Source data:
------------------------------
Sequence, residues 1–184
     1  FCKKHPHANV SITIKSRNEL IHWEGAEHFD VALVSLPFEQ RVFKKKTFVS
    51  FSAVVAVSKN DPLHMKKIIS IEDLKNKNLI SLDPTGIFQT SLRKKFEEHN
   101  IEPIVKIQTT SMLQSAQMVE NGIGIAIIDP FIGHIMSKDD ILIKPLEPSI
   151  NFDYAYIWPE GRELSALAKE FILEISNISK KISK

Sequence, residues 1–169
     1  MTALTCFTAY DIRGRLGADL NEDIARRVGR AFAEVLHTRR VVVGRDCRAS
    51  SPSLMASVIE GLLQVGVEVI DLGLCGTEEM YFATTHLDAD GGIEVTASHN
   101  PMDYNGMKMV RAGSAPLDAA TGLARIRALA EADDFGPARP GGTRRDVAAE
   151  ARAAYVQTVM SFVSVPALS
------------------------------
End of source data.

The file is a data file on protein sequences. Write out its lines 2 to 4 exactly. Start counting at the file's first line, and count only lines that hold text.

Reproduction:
     1  FCKKHPHANV SITIKSRNEL IHWEGAEHFD VALVSLPFEQ RVFKKKTFVS
    51  FSAVVAVSKN DPLHMKKIIS IEDLKNKNLI SLDPTGIFQT SLRKKFEEHN
   101  IEPIVKIQTT SMLQSAQMVE NGIGIAIIDP FIGHIMSKDD ILIKPLEPSI